Given the prevailing differences among the member countries for the setting up of the New Development Bank to counter Western hold on global finances, it was important for the members to sort out the matter. The agreement on setting up the Bank just about 10 minutes before the end of the summit, hence, was a big achievement after negotiations on its formation had dragged on. The establishment of the bank was agreed to by BRICS leaders at the last summit in Durban, South Africa on 27 March 2013. However, there were differences as Brazil and India contested China’s attempts to get a bigger share in the lender than the others. Moreover, India and China had their differences over the headquarters and first presidency. China finally yielded to Brazil and India’s demand of keeping equal equity at its launch. India, which got the first presidency, agreed on Shanghai as the headquarters of the Bank.

The members climbing down from their stated position to accommodate each others’ concerns was an outstanding achievement of the Brazil summit, which will go a long way to strengthen south-south cooperation and dispel any doubt over the future of BRICS.

Another important decision at the summit was the initiative to form a joint fund to invest in BRICS infrastructure projects that could provide equity financing services for projects in BRICS countries and complement the BRICS bank.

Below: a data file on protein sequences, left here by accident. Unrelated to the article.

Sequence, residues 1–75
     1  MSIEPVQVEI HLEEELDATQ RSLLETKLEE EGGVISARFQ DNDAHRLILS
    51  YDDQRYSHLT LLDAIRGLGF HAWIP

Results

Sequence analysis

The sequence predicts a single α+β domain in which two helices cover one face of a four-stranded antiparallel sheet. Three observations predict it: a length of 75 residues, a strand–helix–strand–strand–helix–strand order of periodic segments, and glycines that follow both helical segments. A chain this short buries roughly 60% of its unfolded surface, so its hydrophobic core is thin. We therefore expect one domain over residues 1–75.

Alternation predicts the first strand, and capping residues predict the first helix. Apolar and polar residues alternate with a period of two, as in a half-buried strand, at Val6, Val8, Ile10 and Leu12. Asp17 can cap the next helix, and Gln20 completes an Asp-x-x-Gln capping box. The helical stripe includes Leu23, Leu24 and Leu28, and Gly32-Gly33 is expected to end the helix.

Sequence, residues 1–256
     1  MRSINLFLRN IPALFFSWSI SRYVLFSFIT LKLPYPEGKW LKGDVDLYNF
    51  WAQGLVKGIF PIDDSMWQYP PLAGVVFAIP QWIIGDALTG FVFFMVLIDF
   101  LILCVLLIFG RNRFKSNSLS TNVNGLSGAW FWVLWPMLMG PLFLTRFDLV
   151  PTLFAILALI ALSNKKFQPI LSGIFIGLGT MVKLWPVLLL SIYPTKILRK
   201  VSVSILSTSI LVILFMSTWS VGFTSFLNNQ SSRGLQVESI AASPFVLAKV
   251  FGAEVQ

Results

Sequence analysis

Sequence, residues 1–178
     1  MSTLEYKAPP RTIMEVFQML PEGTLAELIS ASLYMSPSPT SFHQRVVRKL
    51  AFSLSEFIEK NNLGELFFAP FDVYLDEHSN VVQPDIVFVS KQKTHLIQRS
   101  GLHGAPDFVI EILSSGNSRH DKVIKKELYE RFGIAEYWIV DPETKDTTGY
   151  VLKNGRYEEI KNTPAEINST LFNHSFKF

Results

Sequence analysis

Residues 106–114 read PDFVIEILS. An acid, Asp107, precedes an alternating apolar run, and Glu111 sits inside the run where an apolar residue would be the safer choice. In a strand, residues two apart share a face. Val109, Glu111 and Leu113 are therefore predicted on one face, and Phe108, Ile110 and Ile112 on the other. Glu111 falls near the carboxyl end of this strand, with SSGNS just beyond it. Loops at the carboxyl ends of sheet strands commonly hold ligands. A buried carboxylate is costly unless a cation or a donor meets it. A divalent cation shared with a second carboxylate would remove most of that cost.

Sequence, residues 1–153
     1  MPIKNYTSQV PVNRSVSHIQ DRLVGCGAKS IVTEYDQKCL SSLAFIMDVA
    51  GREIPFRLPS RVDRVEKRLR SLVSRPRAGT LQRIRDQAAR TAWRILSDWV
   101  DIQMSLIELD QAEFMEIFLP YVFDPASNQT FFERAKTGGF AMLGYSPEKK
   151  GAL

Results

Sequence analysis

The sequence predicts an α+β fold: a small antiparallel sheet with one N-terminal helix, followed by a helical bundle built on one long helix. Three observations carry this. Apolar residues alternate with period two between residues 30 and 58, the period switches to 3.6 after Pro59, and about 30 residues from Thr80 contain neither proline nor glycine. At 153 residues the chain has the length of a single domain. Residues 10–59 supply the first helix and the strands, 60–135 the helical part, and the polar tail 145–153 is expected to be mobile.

The way BRICS leaders rallied behind Russia, facing isolation from the West over its role in Crimea and Ukraine, is a case in point. It is significant too that Russia will host the Seventh BRICS Summit in 2015 in the city of Ufa.

What the Brazil Summit Means for its Members :

China Daily newspaper termed it as a ‘milestone’, stating: “For the first time, the meeting of the group’s five members is not merely a business forum but is branded with strong political elements.” It recognised that the inclusion of “the political agenda would give developing nations an increasingly united voice, and thus more clout on major global issues”.

As for India, there were many takeaways from the summit. Besides the presidency of the New Development Bank for the next five years, the summit offered a perfect platform to Narendra Modi to interact with world leaders on his very first overseas tour as India’s new prime minister. His meeting with Chinese President Xi Jinping was hailed by the Chinese media as a “good start in building mutual trust and will help usher in a new era with huge economic potential”. Jinping also extended an invitation for the first time to an Indian Prime Minster, to attend the next Asia Pacific Economic Cooperation summit in Beijing this November.

Modi’s support of Russian President Putin too got the endorsement of the Summit.

Of course, India did have a role to play in Brazil and the success of the summit has been a great achievement for keeping afloat the BRICS dream.